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Old 01-17-2019, 07:43 PM
 
58 posts, read 13,054 times
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At my first job out of college, my boss told me I was too quiet and he never knew what I was thinking. I responded by saying if you want to know what I am thinking, why don't you just ask me. He was kind of a poor supervisor, insecure and suspicious. He never got promoted past that level.



When I am in a meeting and do not say much, if anyone makes a crack about me being too quiet, I respond by saying something like everything I thought that needed to be said was said and I did not want to rehash it by repeating any of it. I usually keep good notes, and often would summarize the action items and who was responsible for each.
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Old 01-17-2019, 08:04 PM
 
1,452 posts, read 1,866,967 times
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They get picked on because they are the "Wrong Type Of Quiet!"

Arnold Schwarzenegger was very "quiet" in the "Terminator" movies, lock jawed, expressionless, dark sunglasses on so people could not "read his eyes". He gave absolutely no visual cues or body language of what actions or consequences might ensue if he were "picked on".

"Quiet" dogs, the one's who don't bark or otherwise react to a threat or provocation (they just look at you, no noise or body language) are often the most dangerous.

I am an extremely peaceful/non-violent individual, but I walk alot. I frequently encounter people in public parks who illegally have their dogs off the leash. I used to "break stride" to allow them to leash up, but don't anymore. Occasionally, a lawless un-leasher will confront me for not "slowing down", etc. or saying something like "if you don't slow down, he(she)'s gonna bite you!"

I usually have my "Ahhnold" rap around sunglasses on, and find the best reaction is no reaction, simply stare at them (they can't read my eyes), lock jawed and expressionless, saying nothing and not breaking stride.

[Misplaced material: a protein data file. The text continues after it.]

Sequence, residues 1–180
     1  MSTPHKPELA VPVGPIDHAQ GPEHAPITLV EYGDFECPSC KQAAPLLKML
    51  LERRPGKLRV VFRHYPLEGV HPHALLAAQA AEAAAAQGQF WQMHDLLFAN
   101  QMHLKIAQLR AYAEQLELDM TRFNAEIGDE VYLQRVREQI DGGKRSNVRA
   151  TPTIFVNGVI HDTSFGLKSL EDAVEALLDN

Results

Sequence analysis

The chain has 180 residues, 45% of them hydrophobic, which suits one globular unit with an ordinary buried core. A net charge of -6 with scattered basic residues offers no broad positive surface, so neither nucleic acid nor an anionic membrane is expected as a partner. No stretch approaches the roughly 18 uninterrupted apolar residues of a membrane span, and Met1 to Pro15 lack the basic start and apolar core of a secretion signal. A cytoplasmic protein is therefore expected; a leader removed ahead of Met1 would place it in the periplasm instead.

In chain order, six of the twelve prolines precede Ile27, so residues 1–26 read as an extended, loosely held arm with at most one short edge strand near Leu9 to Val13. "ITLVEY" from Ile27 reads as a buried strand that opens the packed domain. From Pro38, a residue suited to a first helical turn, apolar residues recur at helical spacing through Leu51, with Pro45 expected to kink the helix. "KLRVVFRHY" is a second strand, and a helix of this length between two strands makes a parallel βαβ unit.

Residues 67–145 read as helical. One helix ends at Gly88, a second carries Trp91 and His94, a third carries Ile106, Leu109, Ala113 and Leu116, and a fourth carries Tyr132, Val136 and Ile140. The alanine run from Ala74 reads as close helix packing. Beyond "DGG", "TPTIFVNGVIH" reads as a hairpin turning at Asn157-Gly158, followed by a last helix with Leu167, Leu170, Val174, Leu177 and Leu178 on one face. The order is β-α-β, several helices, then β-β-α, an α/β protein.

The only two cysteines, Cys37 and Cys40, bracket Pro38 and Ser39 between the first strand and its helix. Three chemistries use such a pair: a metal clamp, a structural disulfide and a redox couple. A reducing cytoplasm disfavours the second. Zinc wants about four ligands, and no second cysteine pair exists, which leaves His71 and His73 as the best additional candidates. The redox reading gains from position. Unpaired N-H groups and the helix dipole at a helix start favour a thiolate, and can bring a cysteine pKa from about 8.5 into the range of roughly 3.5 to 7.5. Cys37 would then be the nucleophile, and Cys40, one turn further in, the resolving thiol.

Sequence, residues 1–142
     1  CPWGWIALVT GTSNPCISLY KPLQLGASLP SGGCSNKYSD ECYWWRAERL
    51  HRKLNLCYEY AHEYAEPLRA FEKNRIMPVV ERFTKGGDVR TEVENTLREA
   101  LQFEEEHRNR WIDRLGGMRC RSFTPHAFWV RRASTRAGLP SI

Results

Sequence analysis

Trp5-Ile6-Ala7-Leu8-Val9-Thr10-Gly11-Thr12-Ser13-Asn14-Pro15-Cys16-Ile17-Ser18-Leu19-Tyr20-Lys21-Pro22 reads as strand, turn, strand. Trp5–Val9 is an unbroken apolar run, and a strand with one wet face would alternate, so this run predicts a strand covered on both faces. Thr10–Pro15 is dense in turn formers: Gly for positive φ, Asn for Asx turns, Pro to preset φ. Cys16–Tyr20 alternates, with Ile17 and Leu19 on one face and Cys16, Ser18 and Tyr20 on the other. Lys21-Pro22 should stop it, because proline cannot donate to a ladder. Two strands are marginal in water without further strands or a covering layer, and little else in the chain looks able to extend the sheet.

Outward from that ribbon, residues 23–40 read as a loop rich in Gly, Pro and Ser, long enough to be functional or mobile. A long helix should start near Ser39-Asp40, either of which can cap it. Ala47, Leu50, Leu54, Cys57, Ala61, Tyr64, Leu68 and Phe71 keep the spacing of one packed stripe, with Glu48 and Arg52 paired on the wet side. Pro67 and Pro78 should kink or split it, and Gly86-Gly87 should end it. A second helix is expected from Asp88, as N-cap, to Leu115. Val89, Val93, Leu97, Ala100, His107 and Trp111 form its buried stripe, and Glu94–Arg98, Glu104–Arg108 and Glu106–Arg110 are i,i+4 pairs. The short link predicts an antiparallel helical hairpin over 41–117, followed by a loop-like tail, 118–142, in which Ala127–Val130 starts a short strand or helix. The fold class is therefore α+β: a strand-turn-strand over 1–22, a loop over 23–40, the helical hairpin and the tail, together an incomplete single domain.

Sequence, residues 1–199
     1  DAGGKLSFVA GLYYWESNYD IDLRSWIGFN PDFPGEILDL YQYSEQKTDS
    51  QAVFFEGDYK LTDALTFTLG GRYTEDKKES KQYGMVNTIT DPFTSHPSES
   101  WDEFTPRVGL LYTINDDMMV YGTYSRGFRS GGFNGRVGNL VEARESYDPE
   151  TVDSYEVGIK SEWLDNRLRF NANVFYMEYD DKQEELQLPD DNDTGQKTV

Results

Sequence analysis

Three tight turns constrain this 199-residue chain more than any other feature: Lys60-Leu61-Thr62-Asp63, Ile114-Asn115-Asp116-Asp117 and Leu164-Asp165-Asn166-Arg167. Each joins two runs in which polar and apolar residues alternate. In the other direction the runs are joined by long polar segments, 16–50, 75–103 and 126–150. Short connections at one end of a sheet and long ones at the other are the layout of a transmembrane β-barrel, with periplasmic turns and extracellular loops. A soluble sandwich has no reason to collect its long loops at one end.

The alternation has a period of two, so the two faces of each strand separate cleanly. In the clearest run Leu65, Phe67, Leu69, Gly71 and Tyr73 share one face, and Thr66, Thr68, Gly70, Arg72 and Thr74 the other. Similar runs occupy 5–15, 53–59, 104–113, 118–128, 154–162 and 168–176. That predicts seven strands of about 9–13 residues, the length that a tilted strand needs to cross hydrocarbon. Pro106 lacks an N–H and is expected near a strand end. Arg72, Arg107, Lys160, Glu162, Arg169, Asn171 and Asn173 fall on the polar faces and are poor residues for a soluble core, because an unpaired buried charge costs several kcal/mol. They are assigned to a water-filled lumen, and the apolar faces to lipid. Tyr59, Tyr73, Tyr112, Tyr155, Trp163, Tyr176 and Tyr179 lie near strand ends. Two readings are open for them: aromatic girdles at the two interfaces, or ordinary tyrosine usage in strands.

Both the owner and the dog back down and change their tune fast. NOTHING I have done behavior wise before enacting this method has been as effective.
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Old 01-17-2019, 09:19 PM
 
Location: SoCal
2,904 posts, read 2,164,562 times
Reputation: 2254
Quote:
Originally Posted by Nor'Eastah View Post
Here's something else to consider - many quiet, introverted people are very intelligent. They can be a bit of a nerd. They're often introspective. Sometimes shy or a bit awkward. These can be signs of high intelligence. Many people are put off by brainy individuals. Brains are something that can be very intimidating, and some don't know how to deal with that. They become uncomfortable.
I've never felt this, however I have felt that when people say nothing they have contributed absolutely nothing. You might have good ideas, but if you say nothing who's going to know?

I thought the joke about peace was hilarious, and I also liked your self deprecating joke as well. ����
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Old 01-17-2019, 11:54 PM
 
Location: Troy, NY
529 posts, read 56,396 times
Reputation: 308
Quote:
Originally Posted by Wordsmith12 View Post
Here are a few questions I wanted to run by you guys:

1. When someone is quiet, do you think it makes people around him or her feel insecure? Are they wondering "Is this guy hatching a plot to kill us all?"

2. Do you think being in a group setting makes people more disposed toward "picking on" quiet people? I find that when it's just you and that one person, there's no audience to entertain and thus no validation to get from the jokes (e.g., no one else is there to laugh), so people are not as likely to do it.

3. What are some witty comebacks to have in mind when people pull this stunt? Is it best to resort to self-deprecating humor? ("I know I talked your ear off. Wear headphones next time.")
1. No, it puts them on guard. Is he/she with us, following along, etc.

2. No, it makes it easier to turn the tables on the "loud" person. For instances in teams with a "loud" people, I tend to let them talk themselves into trouble. I try to let them get it out of their system, so we can get to work on the project at hand. Often it leads to a big shake down, and all the "teams" get a laugh out of it.

3. One way to knock them down a few pegs is to "Vinnie Barbarino" them. Just throw out some one word questions.
Where?
When?
What?
Who?
Why?
How?

IE: Coworker: The product evaluations need to be returned by XXXXXX You: How?
Coworker: ehh, The product evaluations need to be returned by XXXXXX You: Who?
Coworker: The product evaluations. You: Where?

Mind you this is to throw them off guard. Once you get them settled down, you can get down to business.

I've had good results doing this since high school, college, work, etc YMMV




Quote:
Originally Posted by Nor'Eastah View Post